Leading the way is sophomore defensive end Nick Bosa, brother of former Ohio State star and No. 3 overall pick by the Los Angeles Chargers Nick Bosa, who has posted a team-high four sacks and tops the Big Ten with 10 tackles for loss on the year.
"The Bosa kid looks like his brother, and his brother's tearing up the NFL," Langsdorf said.
Because of how good the defensive line has been, the Buckeyes have thrived in pass coverage by being able to drop seven and only rush four more often than not.
As a result, Ohio State has only allowed six passing touchdowns all season to go along with six interceptions and 30 pass breakups.
"I think their safeties are very, very good,” Langsdorf said. “They’ve got good cover guys that play a lot of press. I thought they did a tough job against us last year. They really locked us up, and they were able to create some pressure without having to pressure too much, bring extra guys, so that’s always a concern in protection.”
- Robin Washut
Diaco, Meyer to face off again on Saturday night
For as much respect as Diaco has for Meyer and Ohio State’s offense, the feeling definitely seems to be mutual.
During his weekly press conference on Wednesday, Meyer praised what he called “a unique style of defense” that he’s seen from watching film of Diaco’s first six games with the Huskers.
“They’re NFL,” Meyer said when asked what makes NU’s defense unique. “They’re pure two-gap, drop-eight as their Day One install. When they first installed it, you see it on videotape. It’s very hard.
“It’s the type of defense that you’re going to have to work for everything. You’re not going to have many shots downfield on them the way they play. They’re very sound in what they do. Their secondary, they keep everything in front of them and they rally up and run to the ball very, very well. They’re very well coached.”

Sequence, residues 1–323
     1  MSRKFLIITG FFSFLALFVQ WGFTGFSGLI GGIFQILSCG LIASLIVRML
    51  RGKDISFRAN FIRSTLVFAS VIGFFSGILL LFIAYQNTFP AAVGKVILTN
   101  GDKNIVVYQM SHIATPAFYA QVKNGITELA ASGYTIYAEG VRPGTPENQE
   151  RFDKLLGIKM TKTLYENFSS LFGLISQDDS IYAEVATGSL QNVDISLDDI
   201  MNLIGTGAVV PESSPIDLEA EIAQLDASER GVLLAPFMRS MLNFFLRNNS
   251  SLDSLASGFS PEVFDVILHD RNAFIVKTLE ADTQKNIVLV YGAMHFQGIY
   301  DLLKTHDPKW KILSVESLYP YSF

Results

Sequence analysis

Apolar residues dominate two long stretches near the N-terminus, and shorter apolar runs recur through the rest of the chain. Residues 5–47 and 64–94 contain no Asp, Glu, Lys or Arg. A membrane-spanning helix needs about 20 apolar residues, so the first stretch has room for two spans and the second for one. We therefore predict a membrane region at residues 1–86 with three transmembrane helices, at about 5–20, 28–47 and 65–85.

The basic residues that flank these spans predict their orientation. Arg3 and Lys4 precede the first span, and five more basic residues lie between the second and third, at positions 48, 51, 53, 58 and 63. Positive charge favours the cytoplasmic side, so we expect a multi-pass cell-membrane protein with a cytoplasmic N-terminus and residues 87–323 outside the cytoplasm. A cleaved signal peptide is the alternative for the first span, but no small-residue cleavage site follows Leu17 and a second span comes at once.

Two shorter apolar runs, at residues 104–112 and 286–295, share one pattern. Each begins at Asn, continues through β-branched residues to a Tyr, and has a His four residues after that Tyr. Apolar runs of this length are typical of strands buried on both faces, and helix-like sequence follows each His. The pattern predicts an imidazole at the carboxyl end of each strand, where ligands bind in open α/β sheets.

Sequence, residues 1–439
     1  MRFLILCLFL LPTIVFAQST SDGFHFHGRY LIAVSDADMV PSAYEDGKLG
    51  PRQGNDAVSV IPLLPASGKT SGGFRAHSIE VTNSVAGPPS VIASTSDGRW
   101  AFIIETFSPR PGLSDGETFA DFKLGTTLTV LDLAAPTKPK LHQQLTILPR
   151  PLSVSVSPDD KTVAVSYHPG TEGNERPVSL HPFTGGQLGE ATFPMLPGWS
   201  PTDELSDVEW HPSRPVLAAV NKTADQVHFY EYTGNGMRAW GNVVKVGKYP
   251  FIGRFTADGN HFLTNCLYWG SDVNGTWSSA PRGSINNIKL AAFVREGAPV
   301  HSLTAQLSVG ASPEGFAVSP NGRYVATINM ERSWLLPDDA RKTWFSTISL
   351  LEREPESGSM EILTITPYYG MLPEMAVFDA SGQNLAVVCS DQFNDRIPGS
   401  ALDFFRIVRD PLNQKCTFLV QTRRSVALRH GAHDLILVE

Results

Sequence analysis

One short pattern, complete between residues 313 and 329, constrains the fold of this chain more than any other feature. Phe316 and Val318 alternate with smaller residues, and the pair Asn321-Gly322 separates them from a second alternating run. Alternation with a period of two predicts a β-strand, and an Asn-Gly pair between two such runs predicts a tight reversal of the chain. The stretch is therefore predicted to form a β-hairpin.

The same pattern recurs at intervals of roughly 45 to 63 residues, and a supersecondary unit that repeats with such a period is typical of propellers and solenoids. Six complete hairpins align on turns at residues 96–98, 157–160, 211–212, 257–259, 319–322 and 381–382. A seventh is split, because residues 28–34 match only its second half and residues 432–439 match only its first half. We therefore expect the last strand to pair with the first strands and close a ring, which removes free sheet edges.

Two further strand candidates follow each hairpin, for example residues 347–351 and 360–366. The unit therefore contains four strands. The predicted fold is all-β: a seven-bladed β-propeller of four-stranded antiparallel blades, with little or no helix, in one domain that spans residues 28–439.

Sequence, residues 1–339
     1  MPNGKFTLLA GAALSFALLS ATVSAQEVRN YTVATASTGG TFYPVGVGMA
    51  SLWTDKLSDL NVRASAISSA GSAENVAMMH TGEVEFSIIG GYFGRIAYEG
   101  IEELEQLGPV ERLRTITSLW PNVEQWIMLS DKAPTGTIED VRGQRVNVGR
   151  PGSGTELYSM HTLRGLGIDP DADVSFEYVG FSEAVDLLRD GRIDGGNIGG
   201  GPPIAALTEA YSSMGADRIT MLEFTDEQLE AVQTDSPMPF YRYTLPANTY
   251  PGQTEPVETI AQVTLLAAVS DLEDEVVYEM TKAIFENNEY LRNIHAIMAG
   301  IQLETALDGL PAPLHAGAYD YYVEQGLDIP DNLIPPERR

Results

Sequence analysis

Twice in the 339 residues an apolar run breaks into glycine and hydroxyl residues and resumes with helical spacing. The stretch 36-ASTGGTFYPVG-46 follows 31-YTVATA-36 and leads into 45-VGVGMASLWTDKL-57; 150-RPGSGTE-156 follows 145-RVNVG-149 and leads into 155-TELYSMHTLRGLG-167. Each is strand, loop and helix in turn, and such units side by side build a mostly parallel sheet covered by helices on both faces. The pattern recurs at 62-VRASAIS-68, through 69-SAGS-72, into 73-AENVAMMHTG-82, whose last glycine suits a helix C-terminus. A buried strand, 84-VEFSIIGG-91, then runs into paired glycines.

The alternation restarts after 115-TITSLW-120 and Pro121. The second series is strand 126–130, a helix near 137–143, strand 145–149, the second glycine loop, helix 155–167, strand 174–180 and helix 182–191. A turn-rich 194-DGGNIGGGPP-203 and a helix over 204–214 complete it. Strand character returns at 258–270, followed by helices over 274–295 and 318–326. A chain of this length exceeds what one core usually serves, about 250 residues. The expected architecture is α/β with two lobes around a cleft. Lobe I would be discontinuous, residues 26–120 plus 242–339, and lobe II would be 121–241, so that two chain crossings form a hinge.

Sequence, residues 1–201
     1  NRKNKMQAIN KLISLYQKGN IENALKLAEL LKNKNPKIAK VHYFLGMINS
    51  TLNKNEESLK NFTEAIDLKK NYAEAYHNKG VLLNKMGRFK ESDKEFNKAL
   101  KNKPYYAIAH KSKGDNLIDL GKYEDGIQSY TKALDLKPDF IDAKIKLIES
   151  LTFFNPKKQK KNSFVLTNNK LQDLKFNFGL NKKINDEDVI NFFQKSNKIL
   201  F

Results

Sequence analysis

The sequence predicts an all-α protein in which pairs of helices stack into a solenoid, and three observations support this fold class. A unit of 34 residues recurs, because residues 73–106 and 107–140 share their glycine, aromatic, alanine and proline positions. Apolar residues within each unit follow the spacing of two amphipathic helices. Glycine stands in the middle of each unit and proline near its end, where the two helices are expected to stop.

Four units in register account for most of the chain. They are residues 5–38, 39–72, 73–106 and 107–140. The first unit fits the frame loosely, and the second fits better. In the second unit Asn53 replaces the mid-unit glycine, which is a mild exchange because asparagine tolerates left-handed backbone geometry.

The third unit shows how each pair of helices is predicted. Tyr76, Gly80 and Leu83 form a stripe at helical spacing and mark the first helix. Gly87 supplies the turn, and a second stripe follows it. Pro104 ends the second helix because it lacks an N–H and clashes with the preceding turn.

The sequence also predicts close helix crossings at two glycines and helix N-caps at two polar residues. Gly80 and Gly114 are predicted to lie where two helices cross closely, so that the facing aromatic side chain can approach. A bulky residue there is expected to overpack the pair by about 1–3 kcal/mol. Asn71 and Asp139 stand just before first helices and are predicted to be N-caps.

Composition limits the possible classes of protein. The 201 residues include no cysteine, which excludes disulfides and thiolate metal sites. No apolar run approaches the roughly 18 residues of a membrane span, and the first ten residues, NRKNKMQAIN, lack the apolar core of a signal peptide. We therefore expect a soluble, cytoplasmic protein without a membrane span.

Meyer and Diaco have only faced off one time since Diaco became a full-time defensive coordinator in 2009, when his Cincinnati Bearcats met Meyer’s Florida Gators in the 2010 Sugar Bowl.
Meyer definitely had the upper hand that night, as quarterback Tim Tebow set BCS bowl game records with 482 passing yards and 533 total yards of offense in a 51-24 victory.
Diaco also coached against Meyer in 2002 while he was the linebackers coach at Eastern Michigan and Meyer was the head coach at Bowling Green. Diaco lost that meeting, too, in a 63-21 drubbing.
“I’ve unfortunately had a chance to see it many times,” Diaco said of Meyer’s spread offense.
- Robin Washut
***Riley said running back Tre Bryant (knee) suited up and tried to practice again on Thursday, but was unable to finish the session. Bryant has been ruled again for Saturday night’s game vs. Ohio State.
***Riley said they would continue to evaluate Bryant on through the bye week and see if he can get back to action during Purdue week.
***The good news is that running back Mikale Wilbon (ankle) fully practiced again on Thursday and will play vs. the Buckeyes. Riley said Wilbon will rotate in with Devine Ozgibo.
***Linebacker Dedrick Young will play but will wear a large club/cast on his right hand after injuring it against Wisconsin.
***Riley said right tackle David Knevel re-injured his problematic ankle and is questionable for Saturday night. Riley said they’ll know more on Knevel’s status on Friday.
***With Knevel questionable, Riley said true freshman Brenden Jaimes will get the start again vs. Ohio State.
***Riley said safety Antonio Reed (knee) is out vs. the Buckeyes, and they “will see tomorrow” on the status of fellow safety Aaron Williams (neck). Williams did not practice on Thursday.
***Riley said receiver Bryan Reimers sprained his ankle this week and would be out for Ohio State.
***Riley said cornerback Chris Jones (knee) would continue to see more playing time going forward after making his season debut last week vs. Wisconsin.
***Riley said Cole Conrad has gone back to a “Mr. Versatile” role on the offensive line. Riley said Conrad was probably the team’s top backup at center and guard right now.